• Pac-12: Utah became the first Pac-12 school, and also the first Division I school west of the Continental Divide, to sponsor men's lacrosse as a varsity sport, launching its team in the 2018–19 school year (2019 season). The school has yet to announce a conference affiliation in that sport.


  • Big 12: Four of the 10 full members sponsor wrestling. They are joined by eight single-sport associates—Air Force, Fresno State, and Wyoming (all MW); North Dakota State and South Dakota State (both in the Summit League); Northern Colorado (in the Big Sky Conference); Northern Iowa (in the Missouri Valley Conference); and Utah Valley (in the Western Athletic Conference).
  • Pac-12: Three full members sponsor wrestling. They are joined by single-sport members Cal Poly, CSU Bakersfield, and Little Rock. In July 2020, CSU Bakersfield will join the Big West Conference, already home to Cal Poly. Little Rock is a full member of the Sun Belt Conference.
  • SEC: Missouri, the only SEC school to sponsor the sport, competes in the MAC.

Men's Volleyball: As of the next NCAA men's volleyball season in 2021 (2020–21 school year), 24 Division I members will sponsor varsity men's volleyball, with a large majority being mid-major programs. In fact, D-I men's volleyball schools are outnumbered by Division II schools; members of both divisions compete under identical scholarship limits for a single national championship. Before 2012, this championship was also open to Division III schools, but explosive growth in the sport at that level in the 21st century led to the creation of a separate D-III championship. The only D-I all-sports league to sponsor the sport is the mid-major Big West Conference. With that in mind, the five Power Five schools with men's volleyball programs are aligned as follows:

Men's Water Polo: Only 25 Division I members sponsor varsity men's water polo. As with men's volleyball, a large majority of the D-I schools that sponsor the sport are mid-major programs. The NCAA conducts a single national championship open to all member schools, regardless of division.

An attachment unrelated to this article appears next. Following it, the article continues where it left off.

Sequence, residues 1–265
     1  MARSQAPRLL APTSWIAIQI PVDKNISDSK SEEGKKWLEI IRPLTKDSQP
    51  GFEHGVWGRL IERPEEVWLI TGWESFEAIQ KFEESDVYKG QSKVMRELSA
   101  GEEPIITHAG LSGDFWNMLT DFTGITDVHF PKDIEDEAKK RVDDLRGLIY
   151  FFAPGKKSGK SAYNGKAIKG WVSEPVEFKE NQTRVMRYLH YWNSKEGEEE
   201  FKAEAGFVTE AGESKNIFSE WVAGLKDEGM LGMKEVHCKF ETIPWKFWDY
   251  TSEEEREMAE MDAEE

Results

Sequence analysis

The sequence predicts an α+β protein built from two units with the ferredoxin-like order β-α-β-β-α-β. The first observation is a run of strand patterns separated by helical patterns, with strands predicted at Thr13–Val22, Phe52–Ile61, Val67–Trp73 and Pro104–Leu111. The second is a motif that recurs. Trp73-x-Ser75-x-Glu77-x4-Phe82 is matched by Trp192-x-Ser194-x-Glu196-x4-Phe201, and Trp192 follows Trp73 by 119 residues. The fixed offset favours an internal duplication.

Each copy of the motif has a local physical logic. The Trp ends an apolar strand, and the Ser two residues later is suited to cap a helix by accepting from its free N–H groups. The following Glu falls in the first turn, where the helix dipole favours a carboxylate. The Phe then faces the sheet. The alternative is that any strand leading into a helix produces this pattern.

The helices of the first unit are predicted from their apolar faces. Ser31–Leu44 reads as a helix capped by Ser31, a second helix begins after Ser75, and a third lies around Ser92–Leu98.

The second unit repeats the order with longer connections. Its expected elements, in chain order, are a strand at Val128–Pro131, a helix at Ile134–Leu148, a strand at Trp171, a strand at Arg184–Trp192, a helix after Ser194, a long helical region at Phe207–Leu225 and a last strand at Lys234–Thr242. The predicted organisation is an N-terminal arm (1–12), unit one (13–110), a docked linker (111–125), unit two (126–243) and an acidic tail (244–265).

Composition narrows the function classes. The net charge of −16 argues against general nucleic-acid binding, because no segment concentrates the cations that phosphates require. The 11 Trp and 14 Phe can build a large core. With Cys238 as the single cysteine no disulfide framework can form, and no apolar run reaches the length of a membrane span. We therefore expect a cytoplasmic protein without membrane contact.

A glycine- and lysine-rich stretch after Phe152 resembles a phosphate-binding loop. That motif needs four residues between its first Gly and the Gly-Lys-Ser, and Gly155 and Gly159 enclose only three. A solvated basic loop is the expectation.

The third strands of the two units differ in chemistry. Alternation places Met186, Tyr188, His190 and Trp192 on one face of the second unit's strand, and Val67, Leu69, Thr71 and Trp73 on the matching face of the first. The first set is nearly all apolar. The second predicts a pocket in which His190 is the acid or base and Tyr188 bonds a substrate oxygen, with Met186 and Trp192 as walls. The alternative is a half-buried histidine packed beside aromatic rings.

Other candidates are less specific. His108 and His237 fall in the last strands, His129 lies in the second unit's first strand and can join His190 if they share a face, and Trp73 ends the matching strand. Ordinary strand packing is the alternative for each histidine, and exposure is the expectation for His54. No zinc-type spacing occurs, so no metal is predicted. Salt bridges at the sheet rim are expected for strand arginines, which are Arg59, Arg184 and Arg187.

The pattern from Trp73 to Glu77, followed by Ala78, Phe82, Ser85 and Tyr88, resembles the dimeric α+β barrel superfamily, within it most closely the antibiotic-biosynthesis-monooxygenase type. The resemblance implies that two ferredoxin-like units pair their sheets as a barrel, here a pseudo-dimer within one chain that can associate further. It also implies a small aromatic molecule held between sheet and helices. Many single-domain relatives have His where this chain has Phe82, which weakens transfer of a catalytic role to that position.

• Pac-12: The only Power Five schools that sponsor the sport are the California members of the Pac-12—California, Stanford, UCLA, and USC. All compete in the MPSF.

Beach Volleyball: A women-only sport at the NCAA level, beach volleyball is sponsored by only one Power Five conference, namely the Pac-12. Nine of that conference's schools sponsor the sport (with the exceptions being Colorado, Oregon State, and Washington State). Other Power Five schools that sponsor the sport are aligned as follows:

  • ACC: Florida State competes in the Coastal Collegiate Sports Association (CCSA), a league that only sponsors beach volleyball plus men's and women's swimming & diving.
  • Big Ten: Nebraska competes as an independent.
  • Big 12: TCU launched a new varsity beach volleyball program for the 2018–19 school year (2019 season), which competes in the CCSA.
  • SEC: LSU and South Carolina compete in the CCSA. Mississippi State has been approved by the NCAA to compete, but has yet to do so.

Women's Field Hockey:

  • Pac-12: The two Pac-12 members that sponsor field hockey, California and Stanford, play in the America East Conference.

Women's Ice Hockey:

Women's Lacrosse:

  • Big Ten: Six of the 14 full members sponsor women's lacrosse. Johns Hopkins, as noted previously, is a Division III school that plays in Division I.